Two to tango: Still Standing You

Still Standing You: dancers Pieter Ampe and Guilherme Garrido show the many, many things you can do with a body.

Pieter Ampe and Guilherme Garrido in Still Standing You. Photo by Phile Deprez.

To a packed house at Théâtre La Chappelle Tuesday evening, dancers Pieter Ampe and Guilherme Garrido engaged in a duet of the kind you couldn’t have imagined, nor one you’d soon forget. Still Standing You was lucky the audience was sitting.

Recently I saw a pas de deux performed by two male dancers: it was sinewy and graceful, the partnering generous and fluid, and clearly the product of years of training which prepares one for maximum effort with minimum evidence thereof. Still Standing You is nothing like that. It is an iconoclastic kind of dance by which the roles within a partnership — as friends, lovers and combatants — are continuously pushed to their limit. It was surprising, hilarious and impossible to look away from — even when they played a kind of acrobatic Russian Roulette with each other’s penises or used their leather belts as dueling weapons on bare skin. Their growls and roars, peeping and panting furnished the soundtrack — not to mention the delighted squeals and disbelieving din of the audience.

It had already begun (and innocently enough), by the time the gregarious crowd was finally permitted entrance to the La Chappelle theatre: the Belgian Ampe, in a green t-shirt, and the Portuguese Garrido, in red-orange jeans, had composed themselves into a human sculpture, a precarious balance of weight, of colour — even of European poles of cultural identity.

Ampe lay on his back, legs raised to ninety degrees, his feet a seat supporting Garrido, perched insouciantly, his legs crossed. After a droll intro/comedy act — during which Garrido (the spokesperson for the two) endeared them (en anglais, même!) to the (largely francophone) audience — Pietr, who had been grimacing and shaking with the effort of supporting his chatty counterpart for some time, suddenly launched his oppressor across the floor. It was a clear signal that the roles of supporter and attacker, of victor and vanquished, of animal and human, would oscillate with every new scenario.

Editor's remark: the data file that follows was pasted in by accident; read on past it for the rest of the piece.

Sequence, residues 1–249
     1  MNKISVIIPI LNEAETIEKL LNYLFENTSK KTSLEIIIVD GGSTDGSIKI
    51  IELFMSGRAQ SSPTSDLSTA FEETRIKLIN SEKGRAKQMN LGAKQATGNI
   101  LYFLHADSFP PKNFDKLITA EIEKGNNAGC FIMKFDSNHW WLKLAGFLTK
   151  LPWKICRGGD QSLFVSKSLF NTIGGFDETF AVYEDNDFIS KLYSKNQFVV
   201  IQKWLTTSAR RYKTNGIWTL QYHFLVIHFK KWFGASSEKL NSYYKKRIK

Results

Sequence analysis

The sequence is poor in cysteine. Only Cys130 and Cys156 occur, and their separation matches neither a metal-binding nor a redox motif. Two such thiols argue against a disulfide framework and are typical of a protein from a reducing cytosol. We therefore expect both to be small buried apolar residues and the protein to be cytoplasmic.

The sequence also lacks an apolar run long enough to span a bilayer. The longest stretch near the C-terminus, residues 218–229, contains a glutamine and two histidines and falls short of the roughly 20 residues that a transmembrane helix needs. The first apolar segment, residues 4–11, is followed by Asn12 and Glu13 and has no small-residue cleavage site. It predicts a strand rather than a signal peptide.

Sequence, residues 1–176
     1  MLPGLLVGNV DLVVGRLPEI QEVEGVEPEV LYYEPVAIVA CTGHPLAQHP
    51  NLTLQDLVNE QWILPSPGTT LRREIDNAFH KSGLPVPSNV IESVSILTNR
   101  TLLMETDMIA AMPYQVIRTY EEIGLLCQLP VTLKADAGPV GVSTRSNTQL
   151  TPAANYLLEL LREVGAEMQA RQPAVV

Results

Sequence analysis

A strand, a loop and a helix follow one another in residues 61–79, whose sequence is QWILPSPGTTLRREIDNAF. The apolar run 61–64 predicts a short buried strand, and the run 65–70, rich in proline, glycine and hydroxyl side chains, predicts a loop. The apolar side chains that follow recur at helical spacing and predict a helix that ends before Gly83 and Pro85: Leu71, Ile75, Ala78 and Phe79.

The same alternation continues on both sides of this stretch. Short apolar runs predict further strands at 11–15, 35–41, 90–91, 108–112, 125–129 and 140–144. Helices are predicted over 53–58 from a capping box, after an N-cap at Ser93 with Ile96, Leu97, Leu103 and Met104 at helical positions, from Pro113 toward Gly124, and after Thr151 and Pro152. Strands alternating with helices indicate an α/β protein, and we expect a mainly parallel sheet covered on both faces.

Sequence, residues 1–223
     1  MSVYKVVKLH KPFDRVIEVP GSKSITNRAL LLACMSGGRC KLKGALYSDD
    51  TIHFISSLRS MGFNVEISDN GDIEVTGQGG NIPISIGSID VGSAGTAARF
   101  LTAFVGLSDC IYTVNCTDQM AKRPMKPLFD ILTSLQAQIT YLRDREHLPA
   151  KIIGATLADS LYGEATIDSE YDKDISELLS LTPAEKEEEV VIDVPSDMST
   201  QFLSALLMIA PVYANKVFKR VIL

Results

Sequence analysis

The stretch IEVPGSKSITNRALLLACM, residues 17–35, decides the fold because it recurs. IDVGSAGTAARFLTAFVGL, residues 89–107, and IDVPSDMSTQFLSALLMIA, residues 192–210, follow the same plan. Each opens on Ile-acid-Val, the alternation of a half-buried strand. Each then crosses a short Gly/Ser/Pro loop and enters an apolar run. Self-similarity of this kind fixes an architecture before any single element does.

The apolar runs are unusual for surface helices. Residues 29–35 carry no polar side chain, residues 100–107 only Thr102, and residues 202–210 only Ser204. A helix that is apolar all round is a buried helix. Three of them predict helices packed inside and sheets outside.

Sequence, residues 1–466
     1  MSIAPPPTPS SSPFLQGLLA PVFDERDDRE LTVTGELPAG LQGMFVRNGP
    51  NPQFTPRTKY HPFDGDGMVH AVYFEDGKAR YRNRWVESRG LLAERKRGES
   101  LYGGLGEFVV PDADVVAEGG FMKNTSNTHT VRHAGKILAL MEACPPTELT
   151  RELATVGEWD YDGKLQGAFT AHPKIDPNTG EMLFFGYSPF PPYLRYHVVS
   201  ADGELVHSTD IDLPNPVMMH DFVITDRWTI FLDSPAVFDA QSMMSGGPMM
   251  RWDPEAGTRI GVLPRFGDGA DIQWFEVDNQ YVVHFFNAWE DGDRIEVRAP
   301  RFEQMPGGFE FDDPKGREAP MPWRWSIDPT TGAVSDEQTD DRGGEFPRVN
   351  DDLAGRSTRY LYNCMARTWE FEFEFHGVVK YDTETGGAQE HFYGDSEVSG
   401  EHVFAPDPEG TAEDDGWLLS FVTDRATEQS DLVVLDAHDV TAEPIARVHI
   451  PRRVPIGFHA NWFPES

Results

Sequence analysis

What followed was a series of entanglements, provocations and attacks that used every physical and material prop at their disposal: not just their bodies, but their clothing (which was eventually torn off or repurposed as headgear), their spit and sweat, and their vocal cords. Through various contortions and guttural noises they made passing allusions to our simian cousins and wild feline friends, and at times there was something rather Schmiegel-ly about Ampe’s comportment (though his full red beard said “Dwarf,” to continue the Lord of the Rings reference).

By the time the proverbial gloves had really come off you could say that the most vulnerable part of the male anatomy became the central focus, both of infantile wonderment and of violence. As someone not blessed with this apparatus, the many demonstrations of its versatility were enlightening: there are so many uses for a penis other than urination and sex! Have you ever seen someone yell into someone else’s stretched-wide foreskin as though it were a megaphone? Have you seen the end of a penis pulled so hard it stayed pinched shut for a long time after it had been released from the merciless grip?

But to be yourself held too long in thrall of these aspects, as hilarious and shocking as they may be, threatens to diminish the greatest strength of this performance, which is to say their complex partnership expressed, with total commitment, through pure (abject) physicality. And it wasn’t all smacks and spit-smears: there are moments of repose where they climb on each other and suddenly their bodies fit together like sweaty pieces of a two-part jigsaw. I’m remembering here the “folded-man walking quadroped,” where one was draped over the other, front end to back end, hands gripping thighs and ankles. As this ungainly creature lurched across the stage I forgot whose leg or back belonged to whom. I noticed in particular the way their hands grasped the limbs of the other: it was a strong but caring grip that articulated a deep knowing and familiarity. And so it often is with such a bond between two people: it might hurt or be really funny, but at the end of it, it’s love. ■

Still Standing You, To Feb. 16, Le Théâtre La Chapelle (3700 St-Dominique), 8 p.m., $28.50- $38.50

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